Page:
From the artistic viewpoint, the chief requirement of Grandeur cinematography is that both the cameraman and the director learn to accommodate themselves to the wider frame. The cameraman's problem is probably the easier, for he soon learns that composing a picture on the wide frame of the Grandeur camera is not, essentially, so different from composing for the old "silent standard" rectangle, and far easier than for the nearly square Movietone frame. If a man is enough of an artist to successfully compose his cinematic pictures for the earlier formats, he should be able to accommodate himself to this new one, just as a good painter can adapt himself to the requirements of his usual canvas, or of great mural panels. The director, however, must in a Grandeur picture pay considerably more attention to his background action than is usually the case, for, even in close-ups, the depth of focus demanded by Grandeur makes the background an important part of the picture. Incidentally, Grandeur reduces the number of close-ups considerably, as the figures are so much larger that semi-close-ups are usually all that is needed.

In working on such a picture as "The Big Trail," 70 millimeter is a tremendously important aid for the epic sweep of the picture demands that it be painted against a great canvas. Grandeur gives us such a canvas to work with, and enables us to make the background play its part in the picture, just as it did in the historical events which we are dramatizing. And that is what we have tried to do throughout this picture: to make history live again upon the screen. The chief motif of the story is the indomitable perseverance of the pioneers, as shown in their pushing west across the great deserts, the vast plains, the towering mountains, and into the great forests of California and Oregon. The background thus plays a vitally important role in the picture-a role which can only be brought out completely by being shown as 70 millimeter film can show it. Lucien Andriot, who photographed the standard-film version of the picture, did a superb piece of work, but the medium with which he was working could not begin to capture the vast sweep of the story and its background as did the Grandeur. Working in 35 mm. film, he was simply unable to dramatize the backgrounds as did the larger film, for in 35 mm. he could not attempt to adequately show both the vast backgrounds and the intimate foreground action in a single shot as the Grandeur cameras can. The illustrations reproducing the identical scene as treated by both 35 mm. and Grandeur cameras shows this admirably.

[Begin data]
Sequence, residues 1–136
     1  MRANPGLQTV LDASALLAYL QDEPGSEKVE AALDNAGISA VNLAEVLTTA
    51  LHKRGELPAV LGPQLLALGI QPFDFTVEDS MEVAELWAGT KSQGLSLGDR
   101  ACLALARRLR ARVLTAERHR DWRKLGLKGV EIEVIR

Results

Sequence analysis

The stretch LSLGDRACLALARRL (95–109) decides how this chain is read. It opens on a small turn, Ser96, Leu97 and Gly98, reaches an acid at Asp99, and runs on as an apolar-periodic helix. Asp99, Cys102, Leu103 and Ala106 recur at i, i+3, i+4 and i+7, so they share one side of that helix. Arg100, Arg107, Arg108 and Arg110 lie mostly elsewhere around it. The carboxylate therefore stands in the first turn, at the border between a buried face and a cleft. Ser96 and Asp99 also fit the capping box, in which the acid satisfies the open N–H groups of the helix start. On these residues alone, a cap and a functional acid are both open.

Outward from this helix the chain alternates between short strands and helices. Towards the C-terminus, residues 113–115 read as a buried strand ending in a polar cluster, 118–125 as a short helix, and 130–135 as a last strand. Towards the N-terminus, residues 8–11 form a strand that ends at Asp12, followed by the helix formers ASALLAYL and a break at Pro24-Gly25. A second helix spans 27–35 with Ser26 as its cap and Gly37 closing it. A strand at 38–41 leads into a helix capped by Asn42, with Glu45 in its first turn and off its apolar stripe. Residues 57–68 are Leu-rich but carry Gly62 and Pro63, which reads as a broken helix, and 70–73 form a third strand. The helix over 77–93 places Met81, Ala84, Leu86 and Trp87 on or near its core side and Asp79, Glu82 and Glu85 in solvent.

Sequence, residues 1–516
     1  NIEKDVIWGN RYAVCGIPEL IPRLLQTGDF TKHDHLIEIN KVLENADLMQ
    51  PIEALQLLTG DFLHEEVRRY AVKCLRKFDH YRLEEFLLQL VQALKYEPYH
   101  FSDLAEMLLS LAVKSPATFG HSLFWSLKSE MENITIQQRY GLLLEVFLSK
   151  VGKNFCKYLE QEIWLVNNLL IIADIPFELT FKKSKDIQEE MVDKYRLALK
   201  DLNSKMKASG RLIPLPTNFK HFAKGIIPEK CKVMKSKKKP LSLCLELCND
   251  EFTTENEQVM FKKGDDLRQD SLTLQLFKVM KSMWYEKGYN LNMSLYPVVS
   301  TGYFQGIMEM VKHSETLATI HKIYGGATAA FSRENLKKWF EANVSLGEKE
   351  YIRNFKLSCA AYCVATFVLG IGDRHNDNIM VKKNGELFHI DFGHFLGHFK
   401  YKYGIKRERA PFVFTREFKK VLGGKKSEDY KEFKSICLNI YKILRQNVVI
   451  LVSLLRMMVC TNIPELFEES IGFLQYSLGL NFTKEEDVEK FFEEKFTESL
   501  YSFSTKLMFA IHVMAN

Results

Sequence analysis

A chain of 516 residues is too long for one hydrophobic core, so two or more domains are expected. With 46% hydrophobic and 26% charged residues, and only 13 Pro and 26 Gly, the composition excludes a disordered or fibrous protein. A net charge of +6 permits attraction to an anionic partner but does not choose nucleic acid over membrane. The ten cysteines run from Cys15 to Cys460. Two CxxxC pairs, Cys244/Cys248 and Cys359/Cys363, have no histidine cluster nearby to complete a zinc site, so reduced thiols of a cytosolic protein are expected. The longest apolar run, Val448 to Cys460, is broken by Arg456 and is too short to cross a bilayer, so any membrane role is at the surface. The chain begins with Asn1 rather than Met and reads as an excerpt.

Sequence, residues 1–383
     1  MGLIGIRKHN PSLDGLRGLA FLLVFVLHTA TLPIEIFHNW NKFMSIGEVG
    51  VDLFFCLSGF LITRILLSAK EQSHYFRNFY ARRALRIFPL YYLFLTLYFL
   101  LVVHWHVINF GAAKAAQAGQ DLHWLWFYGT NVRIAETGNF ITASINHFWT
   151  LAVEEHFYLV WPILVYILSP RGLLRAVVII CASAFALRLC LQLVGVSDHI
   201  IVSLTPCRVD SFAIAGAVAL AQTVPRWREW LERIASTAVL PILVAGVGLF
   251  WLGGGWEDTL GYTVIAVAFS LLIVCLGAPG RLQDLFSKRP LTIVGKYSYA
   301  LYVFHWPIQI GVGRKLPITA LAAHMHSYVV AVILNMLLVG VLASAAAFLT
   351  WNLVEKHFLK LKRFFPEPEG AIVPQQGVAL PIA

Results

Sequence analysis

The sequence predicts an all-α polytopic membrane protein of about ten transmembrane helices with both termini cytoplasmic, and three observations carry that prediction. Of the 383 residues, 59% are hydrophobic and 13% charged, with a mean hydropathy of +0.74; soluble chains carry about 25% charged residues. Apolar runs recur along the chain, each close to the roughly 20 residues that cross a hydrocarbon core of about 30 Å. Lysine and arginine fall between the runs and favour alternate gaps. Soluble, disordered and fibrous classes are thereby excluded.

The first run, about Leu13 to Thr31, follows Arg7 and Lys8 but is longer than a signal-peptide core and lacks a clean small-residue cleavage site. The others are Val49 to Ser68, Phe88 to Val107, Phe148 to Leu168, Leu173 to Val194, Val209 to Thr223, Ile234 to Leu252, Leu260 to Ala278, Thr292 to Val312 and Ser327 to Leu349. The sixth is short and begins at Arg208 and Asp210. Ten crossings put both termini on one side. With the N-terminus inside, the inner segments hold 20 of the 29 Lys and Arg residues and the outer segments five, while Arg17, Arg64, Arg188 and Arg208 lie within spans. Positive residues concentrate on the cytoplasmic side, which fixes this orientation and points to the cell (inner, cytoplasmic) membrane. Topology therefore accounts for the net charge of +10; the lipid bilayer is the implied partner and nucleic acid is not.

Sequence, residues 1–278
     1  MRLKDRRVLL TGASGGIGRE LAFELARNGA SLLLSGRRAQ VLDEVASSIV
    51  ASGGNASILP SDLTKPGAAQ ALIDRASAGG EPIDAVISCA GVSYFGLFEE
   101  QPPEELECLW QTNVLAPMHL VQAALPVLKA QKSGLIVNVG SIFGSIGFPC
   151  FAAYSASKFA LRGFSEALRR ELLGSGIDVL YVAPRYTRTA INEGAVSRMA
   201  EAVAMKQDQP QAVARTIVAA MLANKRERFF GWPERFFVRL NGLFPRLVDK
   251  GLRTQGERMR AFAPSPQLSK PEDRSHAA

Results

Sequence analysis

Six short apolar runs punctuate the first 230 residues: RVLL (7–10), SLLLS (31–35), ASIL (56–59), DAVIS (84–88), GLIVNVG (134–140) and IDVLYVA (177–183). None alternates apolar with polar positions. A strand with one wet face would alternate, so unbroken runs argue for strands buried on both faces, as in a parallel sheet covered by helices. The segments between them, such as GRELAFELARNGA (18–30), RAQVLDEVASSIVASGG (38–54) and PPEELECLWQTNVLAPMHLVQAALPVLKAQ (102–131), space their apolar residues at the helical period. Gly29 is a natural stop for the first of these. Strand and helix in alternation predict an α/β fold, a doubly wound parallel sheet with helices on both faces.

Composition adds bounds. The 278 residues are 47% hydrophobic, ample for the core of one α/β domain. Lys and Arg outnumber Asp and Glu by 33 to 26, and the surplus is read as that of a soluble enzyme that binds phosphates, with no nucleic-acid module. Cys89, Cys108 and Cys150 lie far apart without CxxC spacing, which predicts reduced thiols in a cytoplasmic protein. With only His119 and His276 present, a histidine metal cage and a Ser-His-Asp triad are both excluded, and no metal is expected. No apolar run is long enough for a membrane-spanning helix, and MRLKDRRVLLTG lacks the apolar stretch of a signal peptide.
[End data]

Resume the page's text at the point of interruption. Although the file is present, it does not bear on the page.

Frame from 70mm Grandeur production